Welcome to our fourth edition of New England College Basketball Bracketology. From the middle of January until the NCAA Tournament, NIT, CBI and CIT brackets are revealed in March, I will bring you a weekly look at where each of the seven teams we cover here at SBNation Boston stand in their quest for postseason play. Occasionally we will give shout outs to other teams from New England but the focus will be on UConn, Boston College, Harvard, UMass, Boston University, Northeastern and Holy Cross. With three teams hanging around the 10+ games over .500 mark and Boston University on fire, we could easily match last season's four postseason bids (2 NCAA: UConn and Boston University, 2 NIT: Harvard and Boston College). This week we bring you what the best of the best think; I took a look at the top three bracket predictors over the past three years according to the Bracket Project's detailed analysis, to see what they thought about our local teams.
The Bracket Project weighed each bracket based on correct teams, correct seeds and partial credit for seeds within one line, they did not include bracketologists that had only started publishing their results the past two years. Our three bracketologists of the week are: #1 Bracketville (10.8 points above average), Shawn Siegel from College Hoops Net (10.6 points above) and not surprisingly their own bracket (10.17 above).
1. Harvard Crimson (20-2, 4-0 Ivy League/RPI (RealtimeRPI.com) 40)
Best Wins: 46-41 vs. Florida State (Nov. 25 neutral court), 74-69 vs. St. Joseph's (Dec. 31), 59-49 vs. Central Florida (Nov. 26 neutral court)
Worst Losses: 60-54 @ Fordham (Jan. 3)
Record Vs. Teams In The Field (within top 68 of the Matrix): 1-1
With two more wins this past weekend, Harvard set two programs records: for best overall start (20-2) and best start in conference (6-0). They can accomplish an even bigger feat this weekend with wins on the road at Ivy League foes Pennsylvania and Princeton. The two Mid-Atlantic Ivies could be the Crimson's biggest threat in the conference, with Yale, a team Harvard already beat on the road, making a push as well. Pennsylvania is one of two teams (Yale) right behind Harvard with one loss in the standings and could cause the Crimson troubles. The Quakers have beaten two straight good teams at home (St. Joseph's and Princeton) and took Harvard to the limit last season at the Palestra (83-82 2OT Harvard win). Princeton might be an even more difficult task. Despite a 2-3 record in conference, the Tigers won two of three against the Crimson last season and have one of the best players in the conference in junior forward Ian Hummer (17.1 ppg, 7.6 rbg). Saturday night's game in New Jersey will be televised on ESPNU and is a must-watch game, a Crimson sweep would mean Harvard fans could almost begin the countdown to their first ever NCAA Tournament game.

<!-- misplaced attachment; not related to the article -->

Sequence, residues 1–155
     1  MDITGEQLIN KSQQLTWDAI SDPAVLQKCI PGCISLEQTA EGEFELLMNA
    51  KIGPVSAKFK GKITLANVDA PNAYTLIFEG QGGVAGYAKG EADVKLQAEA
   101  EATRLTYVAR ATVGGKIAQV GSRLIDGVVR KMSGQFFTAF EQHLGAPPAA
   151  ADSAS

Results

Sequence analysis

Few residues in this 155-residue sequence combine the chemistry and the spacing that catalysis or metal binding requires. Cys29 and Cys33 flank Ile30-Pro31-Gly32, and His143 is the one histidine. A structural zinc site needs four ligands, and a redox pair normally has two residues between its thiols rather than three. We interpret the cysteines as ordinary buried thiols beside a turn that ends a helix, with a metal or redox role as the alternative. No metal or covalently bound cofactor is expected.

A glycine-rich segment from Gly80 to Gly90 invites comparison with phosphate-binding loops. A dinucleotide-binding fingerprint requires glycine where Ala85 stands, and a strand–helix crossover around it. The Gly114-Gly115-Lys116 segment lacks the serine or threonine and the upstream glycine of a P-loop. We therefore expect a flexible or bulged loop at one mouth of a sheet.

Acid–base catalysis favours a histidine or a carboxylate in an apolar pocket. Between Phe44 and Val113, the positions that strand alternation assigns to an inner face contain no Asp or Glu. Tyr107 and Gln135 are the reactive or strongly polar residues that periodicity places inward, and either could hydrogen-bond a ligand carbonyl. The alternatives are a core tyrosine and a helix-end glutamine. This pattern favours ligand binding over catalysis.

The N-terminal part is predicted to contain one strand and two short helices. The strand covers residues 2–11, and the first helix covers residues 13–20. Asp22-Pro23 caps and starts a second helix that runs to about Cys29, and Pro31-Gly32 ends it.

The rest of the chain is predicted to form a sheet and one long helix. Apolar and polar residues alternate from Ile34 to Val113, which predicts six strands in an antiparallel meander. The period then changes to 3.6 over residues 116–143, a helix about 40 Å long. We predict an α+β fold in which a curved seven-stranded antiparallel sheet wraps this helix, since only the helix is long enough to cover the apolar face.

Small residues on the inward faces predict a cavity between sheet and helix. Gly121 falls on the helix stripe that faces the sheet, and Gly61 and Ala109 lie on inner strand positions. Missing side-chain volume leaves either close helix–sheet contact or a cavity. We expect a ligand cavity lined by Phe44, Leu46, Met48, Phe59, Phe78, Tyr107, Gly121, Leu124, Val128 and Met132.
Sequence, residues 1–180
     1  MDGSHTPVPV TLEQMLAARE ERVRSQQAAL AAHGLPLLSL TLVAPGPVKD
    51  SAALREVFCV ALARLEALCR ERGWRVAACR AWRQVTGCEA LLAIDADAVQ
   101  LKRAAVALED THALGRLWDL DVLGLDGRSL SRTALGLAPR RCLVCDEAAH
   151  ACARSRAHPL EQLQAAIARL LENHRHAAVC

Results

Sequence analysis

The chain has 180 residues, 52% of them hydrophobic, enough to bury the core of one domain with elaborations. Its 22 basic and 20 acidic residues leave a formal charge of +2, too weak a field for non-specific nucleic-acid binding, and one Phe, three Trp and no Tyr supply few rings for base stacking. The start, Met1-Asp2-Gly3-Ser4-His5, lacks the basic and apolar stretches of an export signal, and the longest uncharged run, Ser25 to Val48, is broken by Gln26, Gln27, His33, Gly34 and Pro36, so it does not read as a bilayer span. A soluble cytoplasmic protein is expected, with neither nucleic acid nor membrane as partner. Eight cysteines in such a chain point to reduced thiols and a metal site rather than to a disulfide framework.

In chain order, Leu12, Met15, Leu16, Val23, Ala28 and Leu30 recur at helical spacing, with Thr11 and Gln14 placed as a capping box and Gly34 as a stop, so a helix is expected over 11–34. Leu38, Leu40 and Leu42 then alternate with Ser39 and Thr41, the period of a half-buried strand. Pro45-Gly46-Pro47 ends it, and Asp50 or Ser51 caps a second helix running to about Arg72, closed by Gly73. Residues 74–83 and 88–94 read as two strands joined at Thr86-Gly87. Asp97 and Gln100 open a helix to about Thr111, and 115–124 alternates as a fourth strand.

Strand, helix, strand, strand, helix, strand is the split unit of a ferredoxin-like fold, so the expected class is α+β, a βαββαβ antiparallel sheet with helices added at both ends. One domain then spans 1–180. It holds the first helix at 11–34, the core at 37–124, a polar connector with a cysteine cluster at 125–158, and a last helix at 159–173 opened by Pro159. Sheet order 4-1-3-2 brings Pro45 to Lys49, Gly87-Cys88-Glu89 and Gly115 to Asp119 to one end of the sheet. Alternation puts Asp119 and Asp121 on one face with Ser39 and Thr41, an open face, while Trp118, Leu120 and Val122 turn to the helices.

Projection: 100% Chance of Postseason (95% NCAA, 100% NIT): Harvard is listed as a nine/ten by Bracketville, a nine by the Bracket Project but gets some major respect from Siegel who slots them in as a seven seed. The Crimson's best bet for a tournament run is probably in the 7-10 game, but I wouldn't put it past the Crimson to be a giant slayer in Round Two no matter where they're placed.
2. UConn Huskies (15-8, 5-6 Big East/RPI (RealTime RPI.com): 25)
Best Wins: 64-57 vs. West Virginia (Jan. 9), 67-53 vs. #24 Harvard (Dec. 8), 67-53 @ Notre Dame (Jan. 14), 78-76 vs. Florida St (Nov. 26 neutral court),
Worst Losses: 67-60 @ Rutgers (Jan. 7), 60-57 @ Tennessee (Jan 21)
Record Vs. Teams in The Field: 6-5
National media member are having to delve deeper and deeper into their thesaurus to find ways to describe the ineptitude of this Huskies squad. In the past week, UConn has turned in their new worst performance of the year twice, on national television, as last night's 80-59 loss was virtually unwatchable if you're among the Connecticut faithful. With Jim Calhoun out of the picture, the focus has to be turned completely on the players and that might not be a bad thing. UConn still has the talent to be a Top-10 team, but they just haven't shown that for any sustained period this season. While some people keep going back to the failure of the 2009-2010 squad, this is a new season, with a different cast and it's possible for them to turn it around. As bad they've been in 2012 (3-7), they're still in every major bracketologists' projections and get a chance to earn a huge victory at least once a week.
Projection: 100% Chance of Postseason (90% NCAA Tournament, 100% NIT): The Huskies provide just as much variety as the Crimson, as they earn an eight (Bracketville), nine (Siegel) and 10 from (The Bracket Project). As much as Huskies fans would prefer a top four of five seed again, no opponent is going to be happy seeing UConn in their region-especially on weekend number one.
3. UMass Minutemen (17-6, 6-3 Atlantic 10/RPI: 68)
Best Wins: 72-59 vs. St. Louis (Jan. 28) 73-65 vs. Davidson (Dec. 23), 71-62 vs. St. Joseph's (Jan. 14),
Worst Losses: 81-78 OT @ Rhode Island (Feb. 1)85-61 vs. College of Charleston (Nov. 26 neutral court), Record Vs. Teams In The Field: 2-1
Dolt! Yup just as I expected, UMass came out a little flat against 5-19 Rhode Island and blemished their resume with their worst loss of the year, after earning their best win two weekends ago (St. Louis). It's easy to forget the Minutemen are extremely young, and that's been their biggest problem all season long. Playing at home with the UMass faithful cheering them on, the Minutemen are 11-0, but they're just 6-6 in non-home games, and even that record is slightly inflated. The loss pushed UMass out of a tie for first place in the Atlantic 10 and thus out of any bracket and into the bottom tier of the NIT pool. And a loss to Rhode Island merits that plunge; the Rams have been that bad this year. The good news is that UMass slightly salvaged the week with a win at George Washington and now has six straight opportunities to improve their resume. It all starts Wednesday, when the Minutemen host 5-3 St. Bonaventure.